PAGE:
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Saturday, February 23, 2008

Banks: Losses From Computer Intrusions Up in 2007

U.S. financial institutions reported a sizable increase last year in the number of computer intrusions that led to online bank account takeovers and stolen funds, according to data obtained by Security Fix.  The data also suggest such incidents are becoming far more costly for banks, businesses and consumers alike.  The unusually detailed information comes from a non-public report assembled by the Federal Deposit Insurance Corporation, the federal entity that oversees and insures more than 9,000 U.S. financial institutions.  The statistics were gathered as part of a routine quarterly survey called the Technology Incident Report, which examines so-called suspicious activity reports (SARs).  In this case, SARs that were filed in the 2nd Quarter of 2007.

SARs are federally mandated write-ups that banks are required to file anytime they spot a suspicious or fraudulent transaction that amounts to $5,000 or more.

While the number of reported computer intrusion-related SARs (536) paled in comparison to the leading SARs categories - mortgage loan fraud (12,554) and check fraud (17,558) - the FDIC said financial crime aided by computer intrusions is growing at a rapid pace.  Further, it noted that the mean (average) loss per SAR from computer intrusions was roughly $29,630—almost triple the estimated loss per SAR during the same time period in 2006 ($10,536).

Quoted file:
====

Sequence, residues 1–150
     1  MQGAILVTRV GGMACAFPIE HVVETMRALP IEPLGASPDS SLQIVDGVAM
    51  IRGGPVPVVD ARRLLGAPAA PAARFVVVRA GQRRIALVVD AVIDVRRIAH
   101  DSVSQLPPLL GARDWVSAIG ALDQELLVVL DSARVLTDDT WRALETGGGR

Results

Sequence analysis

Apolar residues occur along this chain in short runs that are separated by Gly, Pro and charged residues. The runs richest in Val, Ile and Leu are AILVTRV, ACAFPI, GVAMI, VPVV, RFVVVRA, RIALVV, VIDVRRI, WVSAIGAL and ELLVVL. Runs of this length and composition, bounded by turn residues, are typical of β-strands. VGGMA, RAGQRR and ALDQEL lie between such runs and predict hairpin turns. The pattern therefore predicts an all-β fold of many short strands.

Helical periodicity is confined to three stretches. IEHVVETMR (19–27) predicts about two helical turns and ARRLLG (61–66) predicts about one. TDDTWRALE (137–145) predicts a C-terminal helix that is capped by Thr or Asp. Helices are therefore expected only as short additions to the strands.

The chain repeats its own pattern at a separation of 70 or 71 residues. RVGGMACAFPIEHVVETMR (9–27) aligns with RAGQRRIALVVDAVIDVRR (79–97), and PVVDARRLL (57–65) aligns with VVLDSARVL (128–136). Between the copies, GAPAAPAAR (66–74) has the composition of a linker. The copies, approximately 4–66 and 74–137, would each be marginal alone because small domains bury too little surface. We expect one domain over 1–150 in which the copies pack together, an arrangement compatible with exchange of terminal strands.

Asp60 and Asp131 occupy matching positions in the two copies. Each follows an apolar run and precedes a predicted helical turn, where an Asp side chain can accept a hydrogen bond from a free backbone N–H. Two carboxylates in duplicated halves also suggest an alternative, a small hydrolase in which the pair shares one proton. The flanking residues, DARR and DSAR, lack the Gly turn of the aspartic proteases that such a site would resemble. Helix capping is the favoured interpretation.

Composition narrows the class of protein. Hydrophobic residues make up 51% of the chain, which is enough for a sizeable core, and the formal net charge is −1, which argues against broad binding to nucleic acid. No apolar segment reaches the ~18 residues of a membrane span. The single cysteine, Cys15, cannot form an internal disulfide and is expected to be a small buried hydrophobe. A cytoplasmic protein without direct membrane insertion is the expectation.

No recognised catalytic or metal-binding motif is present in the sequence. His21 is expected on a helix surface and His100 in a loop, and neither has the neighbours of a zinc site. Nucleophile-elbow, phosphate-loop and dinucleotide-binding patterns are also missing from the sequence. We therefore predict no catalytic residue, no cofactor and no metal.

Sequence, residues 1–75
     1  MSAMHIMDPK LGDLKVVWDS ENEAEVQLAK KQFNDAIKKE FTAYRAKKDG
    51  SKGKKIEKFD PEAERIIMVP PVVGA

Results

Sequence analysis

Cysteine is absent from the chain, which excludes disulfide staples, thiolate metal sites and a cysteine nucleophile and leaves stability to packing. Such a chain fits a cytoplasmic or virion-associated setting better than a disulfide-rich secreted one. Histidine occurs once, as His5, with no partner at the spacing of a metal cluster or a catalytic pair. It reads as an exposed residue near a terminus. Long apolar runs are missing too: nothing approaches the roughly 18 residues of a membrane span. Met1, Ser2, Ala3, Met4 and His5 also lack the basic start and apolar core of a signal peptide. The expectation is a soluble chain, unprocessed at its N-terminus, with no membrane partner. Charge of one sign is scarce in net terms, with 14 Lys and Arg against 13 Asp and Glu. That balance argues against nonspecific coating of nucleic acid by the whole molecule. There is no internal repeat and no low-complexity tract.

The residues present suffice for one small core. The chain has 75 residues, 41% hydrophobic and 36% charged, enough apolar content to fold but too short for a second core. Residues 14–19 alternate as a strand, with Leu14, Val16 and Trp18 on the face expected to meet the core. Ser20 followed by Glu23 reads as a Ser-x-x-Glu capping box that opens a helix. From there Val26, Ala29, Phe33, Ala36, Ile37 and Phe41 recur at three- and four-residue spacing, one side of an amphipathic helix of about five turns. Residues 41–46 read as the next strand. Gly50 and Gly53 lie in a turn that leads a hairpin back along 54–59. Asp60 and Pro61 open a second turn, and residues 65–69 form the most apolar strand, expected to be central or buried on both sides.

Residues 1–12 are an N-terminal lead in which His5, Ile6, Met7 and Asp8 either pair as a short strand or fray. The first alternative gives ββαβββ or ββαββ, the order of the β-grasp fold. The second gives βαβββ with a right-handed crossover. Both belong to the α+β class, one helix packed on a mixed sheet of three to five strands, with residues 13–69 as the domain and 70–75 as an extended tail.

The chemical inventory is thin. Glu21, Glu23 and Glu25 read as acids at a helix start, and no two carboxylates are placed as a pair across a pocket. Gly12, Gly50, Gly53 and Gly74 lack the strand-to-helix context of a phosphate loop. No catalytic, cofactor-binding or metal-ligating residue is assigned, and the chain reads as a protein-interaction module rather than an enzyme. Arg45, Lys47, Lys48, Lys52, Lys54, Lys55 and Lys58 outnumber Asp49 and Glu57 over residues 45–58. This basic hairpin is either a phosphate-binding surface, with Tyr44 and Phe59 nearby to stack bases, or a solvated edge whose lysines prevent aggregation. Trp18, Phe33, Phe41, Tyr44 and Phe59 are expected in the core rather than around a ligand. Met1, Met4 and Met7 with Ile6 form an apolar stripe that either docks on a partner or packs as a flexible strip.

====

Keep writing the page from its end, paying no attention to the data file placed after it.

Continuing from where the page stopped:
Manning notes in his book that for the purposes of this reporting requirement, computer intrusion does not mean attempted intrusions of Web sites or other non-critical information systems of the institution that provide no access to institution or customer financial or other critical information.

Anyway, back to the interesting bits: The report indicates that in most cases, banks are at a loss to say exactly how cyber crooks are stealing the funds.  The report indicates that the 80 percent of the computer intrusions were classified as “unknown unauthorized access - online banking,” and that “unknown unauthorized access to online banking has risen from 10 to 63 percent in the past year.”  Still, the FDIC indicates that a large share of the unknown losses most likely resulted from malicious data-stealing programs surreptitiously installed on customer PCs by cyber crooks.

Security Fix has written about this series of attacks spoofing the BBB, as well as a similarly successful spear phishing malware attacks that spoofed the Federal Trade Commission.

Of those computer intrusion-related SARs that were identified, online bill payment applications were most frequently targeted by cyber thieves, the FDIC found.  However, unauthorized access to wire transfers and automated clearinghouse (ACH) payments caused the most losses to financial institutions in the computer intrusion category, mainly because ACH and wire transfers give the banks less time to detect and recover from unauthorized access.

Another case study cites an unnamed financial institution that had 14 customer account takeovers as a result of spyware infestations that recorded keystrokes on customer PCs, stolen credentials that allowed the crooks to initiate a series of fraudulent ACH transfers out of the victims’ corporate accounts into accounts set up and controlled by the attackers.

Avivah Litan, a financial fraud analyst with Gartner Inc., said unauthorized wire transfers disproportionately impact small to medium sized businesses that may be using online banking but do not have the same stringent financial controls in place at many larger corporations.

Fewer retailer payment card data breaches during the quarter caused lower losses to financial institutions.  Retailers are resisting payment card industry (PCI) data security standards, which could lead to lower compliance, additional breaches, and more counterfeit card losses absorbed by card-issuing institutions.

Posted on 02/23